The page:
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Vendor management systems – from VMS to supplier management

Learn about the different types of vendor management.

Vendors – who are they?

What’s in a word? The term vendor can mean different things to different people and businesses depending on the situation. 


In the world of vendor management and vendor management systems, there’s two main categories of “vendors” and consequently two types of software that support the related business processes. Vendors can be: 

  1. Suppliers of goods and services
  2. Contingent workers, contract employment agencies, and services providers
    • Supported by a VMS – or vendor management system

Let’s dive into the details of these types of vendors and the software systems that support them.


1. Suppliers of goods and services

These types of vendors are suppliers or providers of goods and services that a purchasing company (“the buyer”) needs for day-to-day operations and the fulfillment of its mission. For example, a company may need steel to make a bike, or components to make a car.


In this scenario the term vendor is sometimes used interchangeably with supplier. Some types of companies are more apt to use one term over the other. Whichever they’re called, many enterprises work with thousands of vendors linked together in supply chains stretched around the globe.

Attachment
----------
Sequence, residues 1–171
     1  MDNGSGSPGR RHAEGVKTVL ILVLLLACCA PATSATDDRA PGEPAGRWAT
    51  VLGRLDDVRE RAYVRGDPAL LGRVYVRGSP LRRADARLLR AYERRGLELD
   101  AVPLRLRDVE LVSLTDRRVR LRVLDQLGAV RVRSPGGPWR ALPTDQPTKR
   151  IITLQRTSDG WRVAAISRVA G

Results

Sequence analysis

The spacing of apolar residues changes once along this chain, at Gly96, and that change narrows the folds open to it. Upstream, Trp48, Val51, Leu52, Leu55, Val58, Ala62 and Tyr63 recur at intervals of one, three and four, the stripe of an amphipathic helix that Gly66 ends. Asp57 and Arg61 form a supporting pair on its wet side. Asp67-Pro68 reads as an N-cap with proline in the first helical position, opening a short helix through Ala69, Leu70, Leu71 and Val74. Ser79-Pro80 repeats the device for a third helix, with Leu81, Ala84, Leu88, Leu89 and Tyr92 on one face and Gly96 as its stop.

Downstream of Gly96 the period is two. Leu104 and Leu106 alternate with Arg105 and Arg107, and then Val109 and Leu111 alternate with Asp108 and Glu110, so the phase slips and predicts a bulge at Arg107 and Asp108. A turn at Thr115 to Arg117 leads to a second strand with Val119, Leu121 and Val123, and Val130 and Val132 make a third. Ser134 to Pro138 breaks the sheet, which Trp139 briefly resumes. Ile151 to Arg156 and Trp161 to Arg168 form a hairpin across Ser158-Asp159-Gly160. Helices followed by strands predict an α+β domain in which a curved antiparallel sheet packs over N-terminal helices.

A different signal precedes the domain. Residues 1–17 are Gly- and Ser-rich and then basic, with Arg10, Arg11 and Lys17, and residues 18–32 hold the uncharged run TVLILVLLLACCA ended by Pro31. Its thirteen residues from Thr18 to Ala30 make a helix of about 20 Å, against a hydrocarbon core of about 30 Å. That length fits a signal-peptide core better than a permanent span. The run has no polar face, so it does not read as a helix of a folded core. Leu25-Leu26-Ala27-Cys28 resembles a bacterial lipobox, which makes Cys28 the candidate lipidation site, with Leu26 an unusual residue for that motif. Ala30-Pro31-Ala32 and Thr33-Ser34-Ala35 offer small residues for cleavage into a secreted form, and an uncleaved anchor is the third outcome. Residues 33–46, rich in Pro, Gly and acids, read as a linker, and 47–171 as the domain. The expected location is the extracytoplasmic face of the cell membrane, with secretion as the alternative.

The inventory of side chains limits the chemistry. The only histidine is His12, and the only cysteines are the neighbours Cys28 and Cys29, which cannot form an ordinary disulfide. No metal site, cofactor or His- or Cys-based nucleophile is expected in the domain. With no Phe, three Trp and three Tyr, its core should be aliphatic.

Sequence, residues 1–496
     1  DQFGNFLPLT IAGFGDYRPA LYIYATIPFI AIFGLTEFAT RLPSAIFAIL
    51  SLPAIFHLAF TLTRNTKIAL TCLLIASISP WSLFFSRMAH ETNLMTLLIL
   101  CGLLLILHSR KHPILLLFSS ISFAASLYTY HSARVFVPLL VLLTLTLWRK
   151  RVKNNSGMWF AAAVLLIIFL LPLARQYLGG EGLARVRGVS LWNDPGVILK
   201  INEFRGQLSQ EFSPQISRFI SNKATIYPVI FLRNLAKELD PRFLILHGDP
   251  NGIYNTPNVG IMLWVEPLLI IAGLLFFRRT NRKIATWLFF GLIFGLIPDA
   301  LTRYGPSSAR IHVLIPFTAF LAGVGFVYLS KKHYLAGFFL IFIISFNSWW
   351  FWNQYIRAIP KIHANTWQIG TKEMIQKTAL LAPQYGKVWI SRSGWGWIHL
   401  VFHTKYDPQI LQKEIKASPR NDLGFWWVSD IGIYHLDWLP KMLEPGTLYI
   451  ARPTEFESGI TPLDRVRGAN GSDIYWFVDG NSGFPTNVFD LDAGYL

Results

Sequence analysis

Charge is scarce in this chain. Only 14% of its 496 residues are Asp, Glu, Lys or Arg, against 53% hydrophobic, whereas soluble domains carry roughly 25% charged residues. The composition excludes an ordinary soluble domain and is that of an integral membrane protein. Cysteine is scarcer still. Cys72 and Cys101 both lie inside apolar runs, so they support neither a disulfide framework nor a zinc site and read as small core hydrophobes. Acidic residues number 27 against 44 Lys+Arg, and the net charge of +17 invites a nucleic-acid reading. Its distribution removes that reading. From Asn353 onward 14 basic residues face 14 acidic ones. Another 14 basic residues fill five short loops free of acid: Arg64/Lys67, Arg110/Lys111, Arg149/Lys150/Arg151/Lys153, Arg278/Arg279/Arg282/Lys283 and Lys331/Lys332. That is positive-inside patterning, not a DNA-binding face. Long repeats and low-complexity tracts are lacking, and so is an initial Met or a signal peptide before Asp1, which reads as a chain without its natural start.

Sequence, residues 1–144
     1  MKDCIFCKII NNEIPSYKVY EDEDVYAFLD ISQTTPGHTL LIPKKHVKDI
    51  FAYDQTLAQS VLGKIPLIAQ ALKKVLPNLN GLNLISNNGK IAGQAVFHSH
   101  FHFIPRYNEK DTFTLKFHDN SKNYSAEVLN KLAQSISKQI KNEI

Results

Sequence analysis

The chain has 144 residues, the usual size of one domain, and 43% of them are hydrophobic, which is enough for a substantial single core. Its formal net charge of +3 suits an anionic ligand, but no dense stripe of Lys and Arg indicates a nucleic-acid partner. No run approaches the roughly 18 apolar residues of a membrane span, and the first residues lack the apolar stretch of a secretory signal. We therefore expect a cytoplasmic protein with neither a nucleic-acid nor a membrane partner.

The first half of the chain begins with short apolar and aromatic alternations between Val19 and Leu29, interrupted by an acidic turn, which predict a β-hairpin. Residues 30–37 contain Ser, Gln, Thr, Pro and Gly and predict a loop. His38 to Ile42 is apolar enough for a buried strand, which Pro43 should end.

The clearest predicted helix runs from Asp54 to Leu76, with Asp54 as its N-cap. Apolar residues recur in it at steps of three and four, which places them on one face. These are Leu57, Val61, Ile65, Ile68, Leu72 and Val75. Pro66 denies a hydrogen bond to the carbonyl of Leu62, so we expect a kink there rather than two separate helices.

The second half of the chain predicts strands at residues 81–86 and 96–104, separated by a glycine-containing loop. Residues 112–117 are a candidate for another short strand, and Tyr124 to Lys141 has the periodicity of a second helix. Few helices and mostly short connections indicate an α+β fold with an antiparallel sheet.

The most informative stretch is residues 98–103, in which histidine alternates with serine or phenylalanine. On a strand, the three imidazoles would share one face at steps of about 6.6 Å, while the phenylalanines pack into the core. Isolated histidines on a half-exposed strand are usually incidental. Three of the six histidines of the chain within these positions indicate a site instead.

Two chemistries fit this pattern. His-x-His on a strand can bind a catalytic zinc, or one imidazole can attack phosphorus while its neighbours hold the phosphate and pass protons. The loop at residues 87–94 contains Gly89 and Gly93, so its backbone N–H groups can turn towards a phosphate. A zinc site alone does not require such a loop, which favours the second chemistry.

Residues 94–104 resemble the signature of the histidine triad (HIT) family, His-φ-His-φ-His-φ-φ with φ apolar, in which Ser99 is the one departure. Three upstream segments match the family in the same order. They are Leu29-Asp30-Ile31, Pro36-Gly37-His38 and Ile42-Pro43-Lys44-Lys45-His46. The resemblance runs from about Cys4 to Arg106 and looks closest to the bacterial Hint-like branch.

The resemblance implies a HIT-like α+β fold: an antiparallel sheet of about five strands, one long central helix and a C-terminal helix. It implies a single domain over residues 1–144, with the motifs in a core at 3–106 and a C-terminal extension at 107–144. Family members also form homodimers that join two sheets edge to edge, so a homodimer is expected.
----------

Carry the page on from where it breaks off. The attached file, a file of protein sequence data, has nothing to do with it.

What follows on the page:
This makes it difficult for companies to know everything they need to about their vendors and monitor their performance. It’s even more difficult to know about the vendors their vendors work with, and the ones they work with, and so on down the line.


What’s more, as enterprises extend global operations and work with vendors around the world, vendor data is often kept locally, in spreadsheets or on individual hard drives. It quickly becomes an outdated and manual system for vendor information management.


The lack of visibility into vendor information and vendor performance increases a company’s supply risk and impedes the ability to act quickly when dire situations arise – like a natural disaster, product recall, or ethics violations. It also makes it difficult for employees to know which vendors they are supposed to buy from.


To address these business pains, companies rely on vendor relationship or supplier relationship management software.

What is vendor or supplier management?